1. Gone Girl by Gillian Flynn. Publication Date: 2012.

Everyone has been RAVING about this book lately and it was sold out at Target today which means it must be good (either that or the new-ness of it is still working on people, it was just published on June 5). The plot (two out of work yuppie types have to move back to one of their hometowns where the girl goes missing and eyes turn towards the husband) did not sound all that amazing to me so I may have to wait until I am in the mood for a mystery before starting this one. I am really looking forward to it though because I can’t get anyone to say anything negative about it!

What books are you looking forward to reading this summer? What books have you read so far this summer that you loved? What books do you think I should add to this list?

Happy Summer Reading!!


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Well, that’s just fine, Say it once, say it twice, Take a chance and roll the dice, Ride with the moon in the dead of night, Everybody scream, everbody scream. – Danny Elfman

I am all in a sea of wonders. I doubt; I fear; I think strange things, which I dare not confess to my own soul. –Bram Stoker Dracula

And now, for my top favorite scary/horror/Halloween books:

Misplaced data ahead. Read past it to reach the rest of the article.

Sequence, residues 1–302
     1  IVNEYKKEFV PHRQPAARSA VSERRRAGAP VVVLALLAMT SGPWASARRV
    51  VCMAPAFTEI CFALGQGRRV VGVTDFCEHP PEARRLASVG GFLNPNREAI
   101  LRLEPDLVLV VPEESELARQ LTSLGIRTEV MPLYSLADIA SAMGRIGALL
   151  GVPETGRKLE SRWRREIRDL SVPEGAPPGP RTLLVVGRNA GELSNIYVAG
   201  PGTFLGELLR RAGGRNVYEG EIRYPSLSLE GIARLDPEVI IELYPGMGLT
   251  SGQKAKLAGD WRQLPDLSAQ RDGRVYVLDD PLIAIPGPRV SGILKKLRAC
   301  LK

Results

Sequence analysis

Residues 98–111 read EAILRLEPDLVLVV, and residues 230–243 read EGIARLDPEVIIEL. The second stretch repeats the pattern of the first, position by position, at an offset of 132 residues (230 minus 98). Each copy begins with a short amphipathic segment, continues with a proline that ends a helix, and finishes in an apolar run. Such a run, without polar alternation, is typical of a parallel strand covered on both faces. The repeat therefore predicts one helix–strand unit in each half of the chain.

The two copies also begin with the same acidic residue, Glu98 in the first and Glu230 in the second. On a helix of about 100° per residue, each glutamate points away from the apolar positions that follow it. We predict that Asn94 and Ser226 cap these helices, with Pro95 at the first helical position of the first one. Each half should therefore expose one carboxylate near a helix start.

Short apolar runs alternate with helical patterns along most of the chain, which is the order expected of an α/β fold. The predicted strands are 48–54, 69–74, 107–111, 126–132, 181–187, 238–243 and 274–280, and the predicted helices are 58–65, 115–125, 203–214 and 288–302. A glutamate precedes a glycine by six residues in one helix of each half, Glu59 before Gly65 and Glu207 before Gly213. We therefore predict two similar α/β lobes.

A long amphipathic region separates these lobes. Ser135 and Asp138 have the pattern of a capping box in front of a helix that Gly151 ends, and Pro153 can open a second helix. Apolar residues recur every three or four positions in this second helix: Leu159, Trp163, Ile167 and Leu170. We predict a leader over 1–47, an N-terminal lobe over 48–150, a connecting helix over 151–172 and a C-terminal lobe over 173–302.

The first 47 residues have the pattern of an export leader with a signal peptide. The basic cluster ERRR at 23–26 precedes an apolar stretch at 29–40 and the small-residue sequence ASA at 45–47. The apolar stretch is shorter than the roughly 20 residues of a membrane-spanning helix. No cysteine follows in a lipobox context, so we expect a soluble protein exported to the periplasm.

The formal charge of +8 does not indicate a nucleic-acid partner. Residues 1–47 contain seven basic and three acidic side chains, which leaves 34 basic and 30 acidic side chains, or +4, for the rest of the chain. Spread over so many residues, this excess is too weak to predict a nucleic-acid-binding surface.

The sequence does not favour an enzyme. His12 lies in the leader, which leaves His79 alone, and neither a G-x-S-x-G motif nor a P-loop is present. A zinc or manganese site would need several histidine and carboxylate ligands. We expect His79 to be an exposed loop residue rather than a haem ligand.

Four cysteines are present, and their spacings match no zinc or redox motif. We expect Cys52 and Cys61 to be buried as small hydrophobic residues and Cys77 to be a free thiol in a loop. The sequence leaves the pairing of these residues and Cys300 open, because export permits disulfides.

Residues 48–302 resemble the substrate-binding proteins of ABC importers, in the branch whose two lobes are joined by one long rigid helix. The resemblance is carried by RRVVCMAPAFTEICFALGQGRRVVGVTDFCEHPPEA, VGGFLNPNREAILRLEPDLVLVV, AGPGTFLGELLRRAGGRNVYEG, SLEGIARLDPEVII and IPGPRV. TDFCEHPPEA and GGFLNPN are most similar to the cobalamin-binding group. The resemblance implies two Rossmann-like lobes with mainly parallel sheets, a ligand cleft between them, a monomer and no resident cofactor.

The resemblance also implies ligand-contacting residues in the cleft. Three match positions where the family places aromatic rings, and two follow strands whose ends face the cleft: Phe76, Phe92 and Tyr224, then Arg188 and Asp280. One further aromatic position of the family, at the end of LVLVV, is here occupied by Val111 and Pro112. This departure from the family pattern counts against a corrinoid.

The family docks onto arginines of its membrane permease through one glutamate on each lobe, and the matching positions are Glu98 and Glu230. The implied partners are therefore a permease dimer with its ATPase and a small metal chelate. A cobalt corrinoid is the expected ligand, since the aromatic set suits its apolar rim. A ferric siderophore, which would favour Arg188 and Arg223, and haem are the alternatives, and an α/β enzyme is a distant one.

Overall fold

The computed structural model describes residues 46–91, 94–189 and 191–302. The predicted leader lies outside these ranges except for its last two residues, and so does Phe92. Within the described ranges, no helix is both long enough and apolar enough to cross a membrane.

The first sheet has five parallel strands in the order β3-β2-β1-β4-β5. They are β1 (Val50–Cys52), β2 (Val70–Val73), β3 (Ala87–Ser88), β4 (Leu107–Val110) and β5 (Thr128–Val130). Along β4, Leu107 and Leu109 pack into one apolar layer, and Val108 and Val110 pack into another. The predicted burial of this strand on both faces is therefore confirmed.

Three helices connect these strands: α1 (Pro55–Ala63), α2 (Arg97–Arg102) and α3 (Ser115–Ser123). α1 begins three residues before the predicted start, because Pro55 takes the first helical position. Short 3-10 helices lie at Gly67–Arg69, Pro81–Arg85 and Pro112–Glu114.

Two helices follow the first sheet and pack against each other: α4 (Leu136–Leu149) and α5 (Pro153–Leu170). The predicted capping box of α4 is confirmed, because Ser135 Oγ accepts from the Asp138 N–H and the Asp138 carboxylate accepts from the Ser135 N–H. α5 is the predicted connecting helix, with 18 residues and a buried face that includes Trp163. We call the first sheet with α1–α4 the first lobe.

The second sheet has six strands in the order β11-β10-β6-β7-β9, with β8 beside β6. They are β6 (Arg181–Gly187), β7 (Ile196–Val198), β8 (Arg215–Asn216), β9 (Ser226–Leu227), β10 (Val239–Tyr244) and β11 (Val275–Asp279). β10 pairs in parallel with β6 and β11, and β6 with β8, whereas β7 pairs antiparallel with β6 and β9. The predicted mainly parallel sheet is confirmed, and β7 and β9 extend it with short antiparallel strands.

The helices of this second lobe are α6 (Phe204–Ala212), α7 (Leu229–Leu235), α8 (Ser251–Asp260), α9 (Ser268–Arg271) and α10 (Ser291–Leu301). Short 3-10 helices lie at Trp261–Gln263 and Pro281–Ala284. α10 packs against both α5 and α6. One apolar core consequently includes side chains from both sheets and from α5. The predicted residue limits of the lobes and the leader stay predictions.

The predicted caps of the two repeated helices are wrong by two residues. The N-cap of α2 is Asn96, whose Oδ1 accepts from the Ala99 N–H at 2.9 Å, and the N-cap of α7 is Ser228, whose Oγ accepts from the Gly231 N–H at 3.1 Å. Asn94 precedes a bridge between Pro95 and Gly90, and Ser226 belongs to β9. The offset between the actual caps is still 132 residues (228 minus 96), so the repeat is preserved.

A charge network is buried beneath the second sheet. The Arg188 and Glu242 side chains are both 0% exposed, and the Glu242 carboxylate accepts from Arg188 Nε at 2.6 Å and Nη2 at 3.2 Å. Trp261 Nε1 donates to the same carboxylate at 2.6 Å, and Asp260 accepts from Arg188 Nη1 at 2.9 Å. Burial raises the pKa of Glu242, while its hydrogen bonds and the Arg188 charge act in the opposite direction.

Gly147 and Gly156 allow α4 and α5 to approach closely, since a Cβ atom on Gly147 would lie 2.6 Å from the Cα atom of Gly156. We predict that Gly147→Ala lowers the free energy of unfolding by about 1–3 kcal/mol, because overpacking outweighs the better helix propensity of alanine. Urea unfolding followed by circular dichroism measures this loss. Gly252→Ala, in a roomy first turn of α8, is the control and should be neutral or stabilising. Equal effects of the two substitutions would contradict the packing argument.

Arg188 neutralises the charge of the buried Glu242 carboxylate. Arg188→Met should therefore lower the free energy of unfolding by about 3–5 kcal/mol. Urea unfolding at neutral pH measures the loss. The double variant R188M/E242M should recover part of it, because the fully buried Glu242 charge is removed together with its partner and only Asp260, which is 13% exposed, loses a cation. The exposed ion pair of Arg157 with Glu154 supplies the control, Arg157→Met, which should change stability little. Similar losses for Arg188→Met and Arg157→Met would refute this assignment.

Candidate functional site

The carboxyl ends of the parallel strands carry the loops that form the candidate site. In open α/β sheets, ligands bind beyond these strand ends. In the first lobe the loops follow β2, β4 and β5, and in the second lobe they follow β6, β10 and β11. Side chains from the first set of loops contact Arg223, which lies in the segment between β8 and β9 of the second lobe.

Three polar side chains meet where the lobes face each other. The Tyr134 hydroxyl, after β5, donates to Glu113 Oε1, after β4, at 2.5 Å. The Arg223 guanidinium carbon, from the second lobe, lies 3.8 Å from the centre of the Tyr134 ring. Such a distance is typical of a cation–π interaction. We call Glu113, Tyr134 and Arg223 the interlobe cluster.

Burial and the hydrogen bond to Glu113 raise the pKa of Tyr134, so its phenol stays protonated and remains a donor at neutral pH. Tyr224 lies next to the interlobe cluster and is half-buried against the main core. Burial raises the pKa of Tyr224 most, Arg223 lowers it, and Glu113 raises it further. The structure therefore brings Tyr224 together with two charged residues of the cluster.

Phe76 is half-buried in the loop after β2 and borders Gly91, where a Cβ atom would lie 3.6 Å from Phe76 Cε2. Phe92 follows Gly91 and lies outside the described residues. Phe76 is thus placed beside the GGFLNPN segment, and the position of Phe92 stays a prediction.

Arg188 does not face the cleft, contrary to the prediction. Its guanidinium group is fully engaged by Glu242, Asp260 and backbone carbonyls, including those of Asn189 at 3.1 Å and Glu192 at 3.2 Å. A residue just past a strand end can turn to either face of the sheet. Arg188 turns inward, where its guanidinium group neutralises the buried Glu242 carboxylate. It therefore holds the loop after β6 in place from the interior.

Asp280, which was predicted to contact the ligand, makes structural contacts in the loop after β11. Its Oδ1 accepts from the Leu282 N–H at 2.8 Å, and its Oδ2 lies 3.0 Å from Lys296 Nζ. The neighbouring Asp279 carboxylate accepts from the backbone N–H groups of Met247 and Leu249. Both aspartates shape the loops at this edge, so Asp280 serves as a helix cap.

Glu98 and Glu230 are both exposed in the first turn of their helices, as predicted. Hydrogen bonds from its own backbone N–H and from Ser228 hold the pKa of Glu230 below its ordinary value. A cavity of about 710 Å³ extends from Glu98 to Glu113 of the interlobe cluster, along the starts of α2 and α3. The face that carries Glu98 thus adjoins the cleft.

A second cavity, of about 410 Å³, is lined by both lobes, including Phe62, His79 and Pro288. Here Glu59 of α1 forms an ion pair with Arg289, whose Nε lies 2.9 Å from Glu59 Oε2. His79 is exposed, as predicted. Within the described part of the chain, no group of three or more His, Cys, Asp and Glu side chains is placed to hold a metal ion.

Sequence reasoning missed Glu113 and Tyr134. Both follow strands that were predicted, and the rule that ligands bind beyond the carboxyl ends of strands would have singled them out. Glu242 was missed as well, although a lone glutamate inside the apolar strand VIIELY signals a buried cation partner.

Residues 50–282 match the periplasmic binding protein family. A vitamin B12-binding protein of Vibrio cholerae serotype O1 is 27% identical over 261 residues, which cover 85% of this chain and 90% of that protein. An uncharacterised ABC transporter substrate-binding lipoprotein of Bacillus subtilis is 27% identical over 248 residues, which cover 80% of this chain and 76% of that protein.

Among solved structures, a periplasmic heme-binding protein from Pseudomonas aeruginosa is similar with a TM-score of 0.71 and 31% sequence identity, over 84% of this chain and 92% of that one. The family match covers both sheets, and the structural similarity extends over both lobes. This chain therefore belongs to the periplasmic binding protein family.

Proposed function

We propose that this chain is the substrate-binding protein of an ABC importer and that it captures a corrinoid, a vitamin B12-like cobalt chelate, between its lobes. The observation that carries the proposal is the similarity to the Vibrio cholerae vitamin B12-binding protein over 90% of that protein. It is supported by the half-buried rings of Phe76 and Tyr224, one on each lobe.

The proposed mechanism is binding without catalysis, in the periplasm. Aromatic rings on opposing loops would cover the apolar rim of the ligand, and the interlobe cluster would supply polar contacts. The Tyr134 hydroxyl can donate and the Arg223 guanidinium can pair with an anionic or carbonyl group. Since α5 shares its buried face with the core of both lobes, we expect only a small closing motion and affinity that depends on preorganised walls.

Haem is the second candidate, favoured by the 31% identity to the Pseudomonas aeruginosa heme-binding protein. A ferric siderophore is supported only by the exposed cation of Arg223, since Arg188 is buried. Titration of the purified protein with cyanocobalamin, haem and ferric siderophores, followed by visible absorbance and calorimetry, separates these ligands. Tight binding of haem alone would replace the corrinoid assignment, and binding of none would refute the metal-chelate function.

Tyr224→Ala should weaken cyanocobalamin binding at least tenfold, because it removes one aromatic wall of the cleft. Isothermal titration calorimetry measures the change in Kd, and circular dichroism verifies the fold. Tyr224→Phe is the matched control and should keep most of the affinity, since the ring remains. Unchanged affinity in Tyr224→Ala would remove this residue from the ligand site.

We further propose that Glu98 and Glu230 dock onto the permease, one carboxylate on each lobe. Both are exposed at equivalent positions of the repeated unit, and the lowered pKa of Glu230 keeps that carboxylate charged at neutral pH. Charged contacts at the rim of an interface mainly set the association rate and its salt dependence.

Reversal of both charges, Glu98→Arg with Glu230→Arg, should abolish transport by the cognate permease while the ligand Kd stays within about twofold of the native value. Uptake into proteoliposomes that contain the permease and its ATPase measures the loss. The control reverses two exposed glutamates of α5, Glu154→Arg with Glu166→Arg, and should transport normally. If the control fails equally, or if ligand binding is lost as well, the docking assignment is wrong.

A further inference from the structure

5. Frankenstein – Mary Wollstonecraft Shelley
I had to read this book for a Victorian Literature class in college. At the time I worked for the on campus department of housing and my job duties were to sit in dorms that were mostly empty and wait for people to ask me questions. Sitting alone at 11:00 at night in a huge, empty, silent and dark towering building can be scary enough on its own. I was a little leery of taking this book with to read while on duty, but I knew I had to for class and I wouldn’t have much time to do so other than while at work. In class we had learned that Shelley had written the book for a contest on who could write the scariest book, and that hers had won. I knew the story of Frankenstein and had for years been very peeved when someone would refer to the creature as Frankenstein when it was really the name of the doctor that had brought the creature to life. Hello! Hadn’t anyone seen Young Frankenstein?! This book honestly did not scare me, but it is such a classic that I couldn’t leave it off of the list. I did enjoy it a lot, I just wasn’t frightened of it. Perhaps if I had lived in the year without a summer I would have been!

4. The Legend of Sleepy Hollow Washington Irving
I had to read this one for another class in college. I remember reading it on a Friday night on my couch. My roommates had gone out for the evening (it was a Friday afterall, and only the English Major nerds were inside reading a book) and I was all alone. I remember being utterly terrified that some headless horseman was going to ride through the streets of Greensboro and up the stairs to my walkup apartment and sneak up on me from behind the huge piles of laundry that 3 girls in college can accumulate. It never happened, duh, but I couldn’t sleep until at least one roommate came home, just to be sure, saftey in numbers and all that.